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Manning Guard Joked About Underwear Risk
A prison officer guarding the soldier accused of giving classified documents to WikiLeaks made jokes about him being ordered to remove his underwear because he was a suicide risk, a pre-trial hearing was told.
On the second day of the hearing, a Maryland courthouse heard that Private First Class Bradley Manning had his underwear confiscated at night because he told a prison guard that if he wanted to kill himself, he could hang himself with the waistband.
Officers testified that they regarded it as a suicidal comment when the 24-year-old said: "I have everything I need right here to be able to harm myself. The waistband of my underwear can do this."
But Manning's lawyer - who is seeking dismissal of all charges on the grounds that his imprisonment at the Marine brig in Quantico, Virginia, amounted to illegal punishment - suggested he was commenting on the absurdity of his situation.
Manning, who made his first public appearance in over two years at the courthouse on Tuesday, took the witness stand on Thursday, stuttering over his words as he as he tried to answer questions about his arrest in Iraq in May 2010.
David Coombs, defending, revealed on Wednesday that the chief legal officer at Quantico at the time, Lieutenant Colonel Christopher Greer, made light of the underwear episode in an email, composing a rhyme in the style of the popular Dr Seuss books.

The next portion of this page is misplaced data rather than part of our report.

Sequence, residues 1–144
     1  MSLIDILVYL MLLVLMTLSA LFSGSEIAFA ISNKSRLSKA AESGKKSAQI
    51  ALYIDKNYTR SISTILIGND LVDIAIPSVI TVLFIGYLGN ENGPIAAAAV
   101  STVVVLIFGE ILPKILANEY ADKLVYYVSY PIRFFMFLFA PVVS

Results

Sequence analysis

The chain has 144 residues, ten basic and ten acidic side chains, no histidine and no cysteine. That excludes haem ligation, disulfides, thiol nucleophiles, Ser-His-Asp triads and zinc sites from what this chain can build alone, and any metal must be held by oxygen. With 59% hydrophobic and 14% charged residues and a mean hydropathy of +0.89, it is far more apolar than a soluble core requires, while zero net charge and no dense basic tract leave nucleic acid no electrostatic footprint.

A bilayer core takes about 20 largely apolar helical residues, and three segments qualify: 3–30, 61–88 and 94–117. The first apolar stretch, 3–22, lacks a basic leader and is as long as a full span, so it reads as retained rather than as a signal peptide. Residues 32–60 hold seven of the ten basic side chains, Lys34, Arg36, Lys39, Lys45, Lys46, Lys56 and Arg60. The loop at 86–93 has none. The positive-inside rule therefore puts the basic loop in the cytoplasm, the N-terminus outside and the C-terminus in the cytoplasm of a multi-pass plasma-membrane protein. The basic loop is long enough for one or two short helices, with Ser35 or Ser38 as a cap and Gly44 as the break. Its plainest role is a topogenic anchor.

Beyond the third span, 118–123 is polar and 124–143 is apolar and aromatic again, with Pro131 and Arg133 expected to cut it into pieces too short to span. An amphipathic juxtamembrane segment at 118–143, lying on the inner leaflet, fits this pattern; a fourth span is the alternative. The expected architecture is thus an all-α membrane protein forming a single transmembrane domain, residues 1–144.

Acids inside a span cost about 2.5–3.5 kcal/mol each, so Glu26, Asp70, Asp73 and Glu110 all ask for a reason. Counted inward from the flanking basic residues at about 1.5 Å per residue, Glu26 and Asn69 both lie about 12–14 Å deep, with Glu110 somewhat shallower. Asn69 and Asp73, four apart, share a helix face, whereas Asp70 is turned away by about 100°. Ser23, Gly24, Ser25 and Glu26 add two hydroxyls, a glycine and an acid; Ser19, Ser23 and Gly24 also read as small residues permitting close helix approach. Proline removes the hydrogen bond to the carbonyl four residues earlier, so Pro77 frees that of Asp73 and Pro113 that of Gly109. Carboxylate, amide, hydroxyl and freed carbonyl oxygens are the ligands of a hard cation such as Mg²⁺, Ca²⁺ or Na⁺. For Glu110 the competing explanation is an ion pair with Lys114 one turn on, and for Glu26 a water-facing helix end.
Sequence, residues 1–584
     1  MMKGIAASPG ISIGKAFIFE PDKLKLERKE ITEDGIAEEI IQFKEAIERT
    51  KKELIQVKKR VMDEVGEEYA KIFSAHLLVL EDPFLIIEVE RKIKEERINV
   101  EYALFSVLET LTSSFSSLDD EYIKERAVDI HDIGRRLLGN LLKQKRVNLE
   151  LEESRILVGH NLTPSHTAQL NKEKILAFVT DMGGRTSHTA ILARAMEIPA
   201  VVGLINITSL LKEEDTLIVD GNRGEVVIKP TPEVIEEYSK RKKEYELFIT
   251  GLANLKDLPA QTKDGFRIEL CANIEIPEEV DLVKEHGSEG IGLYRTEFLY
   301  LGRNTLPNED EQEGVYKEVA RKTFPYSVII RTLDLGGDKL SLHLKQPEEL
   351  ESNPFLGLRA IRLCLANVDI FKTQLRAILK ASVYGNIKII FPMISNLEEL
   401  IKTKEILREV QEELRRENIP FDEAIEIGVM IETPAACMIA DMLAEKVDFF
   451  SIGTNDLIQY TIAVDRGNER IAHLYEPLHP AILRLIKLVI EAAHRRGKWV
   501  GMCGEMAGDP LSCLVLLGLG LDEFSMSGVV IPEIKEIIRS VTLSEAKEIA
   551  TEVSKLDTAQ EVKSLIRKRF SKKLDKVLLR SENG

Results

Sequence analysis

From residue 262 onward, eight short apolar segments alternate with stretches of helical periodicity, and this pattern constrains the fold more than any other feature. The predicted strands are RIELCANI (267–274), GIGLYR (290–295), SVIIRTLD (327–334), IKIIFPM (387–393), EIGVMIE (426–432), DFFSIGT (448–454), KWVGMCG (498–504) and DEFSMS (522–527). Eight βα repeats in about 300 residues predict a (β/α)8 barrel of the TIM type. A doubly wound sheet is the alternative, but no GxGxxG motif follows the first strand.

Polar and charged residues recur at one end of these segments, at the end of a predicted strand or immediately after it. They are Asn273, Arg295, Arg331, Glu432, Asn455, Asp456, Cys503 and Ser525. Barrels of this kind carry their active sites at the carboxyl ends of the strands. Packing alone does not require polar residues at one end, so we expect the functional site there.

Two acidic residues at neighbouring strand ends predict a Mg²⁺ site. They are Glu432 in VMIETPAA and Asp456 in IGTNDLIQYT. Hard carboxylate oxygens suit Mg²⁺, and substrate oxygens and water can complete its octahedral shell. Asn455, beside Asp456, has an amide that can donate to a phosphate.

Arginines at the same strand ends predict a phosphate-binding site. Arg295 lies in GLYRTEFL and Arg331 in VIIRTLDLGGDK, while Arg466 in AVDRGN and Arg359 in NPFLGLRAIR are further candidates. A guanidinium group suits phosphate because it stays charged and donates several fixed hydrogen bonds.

The message said: "I can wear them in a box. I can wear them with a fox. I can wear them in the day. I can wear them so I say. But I can't wear them at night. My comments gave the staff a fright."
Marine Colonel Robert Oltman, the officer in charge of security in the brig, responded to the email with the signature, "Sam I am," another Dr Seuss reference.
During his court testimony, Mr Coombs asked the security chief if it was "funny to you that Pfc Manning was being stripped at night?"
"No, it was not, it was a very serious issue," Col Oltman replied.
The court heard that Manning was kept under strict conditions partly because a previous prisoner had committed suicide and despite the fact that psychiatrists who examined him at Quantico repeatedly recommended that his conditions be eased.
The suicide watch confinement also came after Manning was seen engaged in "erratic dancing" and licking the bars in his cell, the court martial was told.
The informant was held at Quantico for nine months, from July 2010 to April 2011, when he was moved to Fort Leavenworth, Kansas.
Throughout his time at Quantico, he was designated a "maximum custody" detainee and considered at risk of either suicide or harming himself or others.
He was locked up alone for at least 23 hours a day, forced to sleep naked for several nights and required to stand naked at attention one morning, his lawyers assert.
Manning now argues that all charges should be dropped due to what he calls his "needlessly harsh treatment" during his nine months of confinement in Quantico.
He is accused of sending hundreds of thousands of classified Iraq and Afghanistan war logs and more than 250,000 diplomatic cables to WikiLeaks while he was working as an intelligence analyst in Baghdad in 2009 and 2010.
The soldier faces possible life imprisonment if convicted of aiding the enemy, the most serious of the 22 charges that he faces.